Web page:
The Largest 2020 Ecommerce Driver is Global Expansion
Ecommerce is now a staple in everyday life, so much so that Americans spent $154.5 billion online in the third quarter of 2019, according to a US Census estimate. Unfortunately, the COVID-19 pandemic has forced business for the near future to be almost completely online.
While this transition will take some getting used to, it also affords the opportunity to reach across conventional borders. We’ve moved beyond the novelty of being able to buy something online and receive it quickly. As we look to what the next 25 years have in store, continued success in the ecommerce world depends on superior customer experience — meeting customers where they are and when they need it most.
Businesses That Know No Borders
Ecommerce has virtually dissolved borders, enabling a consumer from one corner of the world to purchase goods and services from a seller thousands of miles away. Access to a wider customer base means brands that go global can see huge gains in growth. Research shows by 2023, global ecommerce is set to increase by 53%, worth an estimated $5.9 trillion. As the ability to send payments electronically becomes faster and cheaper, doing business globally has become table stakes.
Sounds easy, but going global comes with risk according to the International Trade News. Successfully expanding into new countries doesn’t mean just selling products in a new location. Retailers need to think local. That means becoming an expert in local customs, navigating a complex ecosystem of vendor contracts, fulfillment, as well as establishing local banking relationships, understanding preferred payment methods, maintaining compliance with local laws and regulations, taxes, fraud and more. Getting it right can take years of work, and it’s a huge investment without the right partners.
What’s more, consumers are becoming increasingly mindful of who is accessing, collecting, receiving, storing, and otherwise processing their personal data. Regulations like the General Data Protection Regulation (GDPR) and the California Consumer Privacy Act (CCPA) are effectively changing the way business is conducted around the world, adding a layer of complexity for merchants with global storefronts.
Merchants can build a local experience right into their infrastructure, regardless of where the seller is based. One key to that is establishing relationships with local banks to avoid cross-border transactions. The largest brands might have the bandwidth to tackle that project in house, but even so, it’s a costly undertaking, both in time and money. There’s a greater likelihood of success partnering with a vendor that has the infrastructure and regional insight to manage payments and compliance properly in the countries in which merchants wish to do business.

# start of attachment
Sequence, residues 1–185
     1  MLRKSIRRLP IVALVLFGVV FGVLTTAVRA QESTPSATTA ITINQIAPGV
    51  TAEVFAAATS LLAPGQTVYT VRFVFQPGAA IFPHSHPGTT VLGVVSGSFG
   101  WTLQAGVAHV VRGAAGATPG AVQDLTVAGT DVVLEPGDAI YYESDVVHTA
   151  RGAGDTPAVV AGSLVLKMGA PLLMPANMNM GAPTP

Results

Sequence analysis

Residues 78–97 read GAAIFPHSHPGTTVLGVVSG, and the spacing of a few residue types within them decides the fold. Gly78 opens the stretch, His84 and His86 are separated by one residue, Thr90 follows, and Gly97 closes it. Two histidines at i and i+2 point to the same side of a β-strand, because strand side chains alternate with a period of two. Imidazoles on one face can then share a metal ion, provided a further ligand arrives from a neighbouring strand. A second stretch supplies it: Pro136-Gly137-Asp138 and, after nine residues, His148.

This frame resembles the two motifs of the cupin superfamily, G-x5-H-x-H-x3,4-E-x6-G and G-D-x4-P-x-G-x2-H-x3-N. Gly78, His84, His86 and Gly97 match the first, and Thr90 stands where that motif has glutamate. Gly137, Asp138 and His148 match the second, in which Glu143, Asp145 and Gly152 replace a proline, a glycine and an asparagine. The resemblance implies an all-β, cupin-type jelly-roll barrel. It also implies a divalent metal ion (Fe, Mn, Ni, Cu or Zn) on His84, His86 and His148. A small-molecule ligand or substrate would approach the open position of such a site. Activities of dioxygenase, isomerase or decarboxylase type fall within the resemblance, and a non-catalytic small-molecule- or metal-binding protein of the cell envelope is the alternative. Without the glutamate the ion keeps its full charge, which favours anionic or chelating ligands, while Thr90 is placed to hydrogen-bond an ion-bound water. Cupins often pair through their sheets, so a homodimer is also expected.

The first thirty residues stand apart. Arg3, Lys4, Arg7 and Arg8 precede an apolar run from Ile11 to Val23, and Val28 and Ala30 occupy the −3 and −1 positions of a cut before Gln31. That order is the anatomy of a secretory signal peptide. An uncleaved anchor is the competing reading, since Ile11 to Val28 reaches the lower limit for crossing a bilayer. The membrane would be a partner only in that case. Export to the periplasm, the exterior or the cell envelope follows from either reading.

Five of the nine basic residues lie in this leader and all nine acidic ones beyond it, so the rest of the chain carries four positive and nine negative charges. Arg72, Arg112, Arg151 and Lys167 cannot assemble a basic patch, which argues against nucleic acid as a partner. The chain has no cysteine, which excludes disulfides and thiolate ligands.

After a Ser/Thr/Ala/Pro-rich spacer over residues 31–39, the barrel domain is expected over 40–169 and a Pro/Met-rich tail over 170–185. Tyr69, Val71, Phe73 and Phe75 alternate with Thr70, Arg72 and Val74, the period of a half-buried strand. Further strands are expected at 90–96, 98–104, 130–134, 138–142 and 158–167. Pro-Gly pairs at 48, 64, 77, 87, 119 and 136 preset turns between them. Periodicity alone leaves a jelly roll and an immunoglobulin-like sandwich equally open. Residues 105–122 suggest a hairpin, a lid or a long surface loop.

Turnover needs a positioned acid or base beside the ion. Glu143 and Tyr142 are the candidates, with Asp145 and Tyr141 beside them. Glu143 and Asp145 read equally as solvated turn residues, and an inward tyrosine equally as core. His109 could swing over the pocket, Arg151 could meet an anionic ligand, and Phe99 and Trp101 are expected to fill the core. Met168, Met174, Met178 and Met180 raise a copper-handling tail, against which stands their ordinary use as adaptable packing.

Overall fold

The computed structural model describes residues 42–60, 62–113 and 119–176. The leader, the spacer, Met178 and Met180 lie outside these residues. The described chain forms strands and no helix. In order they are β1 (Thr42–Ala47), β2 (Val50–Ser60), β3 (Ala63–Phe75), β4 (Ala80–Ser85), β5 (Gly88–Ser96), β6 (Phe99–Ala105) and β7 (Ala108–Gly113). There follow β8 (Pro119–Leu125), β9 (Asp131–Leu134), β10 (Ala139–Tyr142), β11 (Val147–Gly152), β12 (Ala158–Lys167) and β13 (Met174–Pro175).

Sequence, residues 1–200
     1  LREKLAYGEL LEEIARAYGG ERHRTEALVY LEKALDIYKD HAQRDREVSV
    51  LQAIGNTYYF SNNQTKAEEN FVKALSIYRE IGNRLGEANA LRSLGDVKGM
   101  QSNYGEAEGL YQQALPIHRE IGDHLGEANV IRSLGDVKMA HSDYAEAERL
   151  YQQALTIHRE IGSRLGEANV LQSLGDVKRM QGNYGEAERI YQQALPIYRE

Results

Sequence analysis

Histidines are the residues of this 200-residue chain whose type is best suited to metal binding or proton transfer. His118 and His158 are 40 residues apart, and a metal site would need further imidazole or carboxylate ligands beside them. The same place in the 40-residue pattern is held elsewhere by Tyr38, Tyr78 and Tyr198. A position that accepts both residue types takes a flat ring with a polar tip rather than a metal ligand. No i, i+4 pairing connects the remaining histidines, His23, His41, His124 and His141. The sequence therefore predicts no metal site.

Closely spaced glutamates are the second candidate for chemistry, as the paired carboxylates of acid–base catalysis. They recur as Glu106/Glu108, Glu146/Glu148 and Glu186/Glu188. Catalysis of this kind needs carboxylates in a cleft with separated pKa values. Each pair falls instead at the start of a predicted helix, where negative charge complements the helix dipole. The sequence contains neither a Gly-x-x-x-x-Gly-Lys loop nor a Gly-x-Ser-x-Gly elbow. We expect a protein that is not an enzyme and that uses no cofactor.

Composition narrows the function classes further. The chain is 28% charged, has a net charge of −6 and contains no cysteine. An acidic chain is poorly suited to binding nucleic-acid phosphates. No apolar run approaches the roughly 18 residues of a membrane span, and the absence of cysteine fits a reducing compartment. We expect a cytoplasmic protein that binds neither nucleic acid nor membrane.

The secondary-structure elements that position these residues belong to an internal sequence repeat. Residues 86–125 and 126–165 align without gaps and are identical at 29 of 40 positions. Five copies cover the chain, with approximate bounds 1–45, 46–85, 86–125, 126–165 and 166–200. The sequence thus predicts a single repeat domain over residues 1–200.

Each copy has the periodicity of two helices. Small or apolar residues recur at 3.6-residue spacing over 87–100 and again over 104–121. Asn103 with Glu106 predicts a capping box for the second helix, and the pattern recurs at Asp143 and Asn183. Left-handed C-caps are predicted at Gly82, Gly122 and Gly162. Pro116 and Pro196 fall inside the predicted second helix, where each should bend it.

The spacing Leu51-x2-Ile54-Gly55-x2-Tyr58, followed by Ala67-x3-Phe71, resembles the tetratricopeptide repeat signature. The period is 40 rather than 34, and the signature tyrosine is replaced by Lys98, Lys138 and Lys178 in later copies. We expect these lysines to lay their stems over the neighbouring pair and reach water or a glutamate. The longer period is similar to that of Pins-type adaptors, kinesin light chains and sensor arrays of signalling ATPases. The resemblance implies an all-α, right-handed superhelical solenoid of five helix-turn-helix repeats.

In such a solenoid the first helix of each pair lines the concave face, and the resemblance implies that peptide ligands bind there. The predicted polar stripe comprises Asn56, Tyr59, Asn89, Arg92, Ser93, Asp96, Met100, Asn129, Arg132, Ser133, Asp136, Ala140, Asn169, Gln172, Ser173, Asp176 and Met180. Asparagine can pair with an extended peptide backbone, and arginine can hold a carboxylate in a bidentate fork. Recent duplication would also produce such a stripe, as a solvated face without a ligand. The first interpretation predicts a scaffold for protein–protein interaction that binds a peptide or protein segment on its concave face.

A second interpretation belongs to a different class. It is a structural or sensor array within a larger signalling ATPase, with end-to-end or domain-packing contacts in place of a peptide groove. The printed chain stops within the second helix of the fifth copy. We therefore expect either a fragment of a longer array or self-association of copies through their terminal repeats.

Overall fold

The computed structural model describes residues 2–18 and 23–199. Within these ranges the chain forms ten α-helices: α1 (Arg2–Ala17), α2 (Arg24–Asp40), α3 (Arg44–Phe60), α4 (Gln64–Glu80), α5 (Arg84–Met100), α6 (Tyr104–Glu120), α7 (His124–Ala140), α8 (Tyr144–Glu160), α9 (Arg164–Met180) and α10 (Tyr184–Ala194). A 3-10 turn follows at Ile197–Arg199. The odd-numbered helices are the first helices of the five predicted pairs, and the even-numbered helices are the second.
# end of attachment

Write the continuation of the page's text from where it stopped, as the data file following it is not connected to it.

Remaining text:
The Mobile Movement
For brands looking to remain innovative, mobile commerce and personalization must be top of mind. While the importance of delivering a positive, consistent customer experience isn’t a new idea, it is something that brands still struggle with given the plethora of devices and channels that customers are using to shop. Consumers might be online, in a physical store, or both, so creating an experience that prioritizes convenience, trust, familiarity and efficiency is key to fostering loyalty.
Brands thinking big need to go small. By 2025, nearly three quarters of Internet users, equivalent to some 3.7 billion people worldwide, will access the web solely via their smartphones. Mobile commerce, or m-commerce, is expected to represent a vast majority of people who prefer experiencing the full spectrum of the buyer’s journey through smaller screens. Retailers who want to win and retain customers need to be agile, innovative, and able to touch consumers at all points within their buying journey, regardless of which channel they prefer.
For brands, the innovation imperative boils down to being customer-centric, and moving quickly within your infrastructure to take advantage of current technology as well as best-of-breed solutions. Between the growth of ecommerce and new digital technologies, one thing is for certain, and that’s the shift toward the omnichannel, mobile-first shopper experience.
Eric Christensen is VP of payments, fraud, and financial services at Digital River.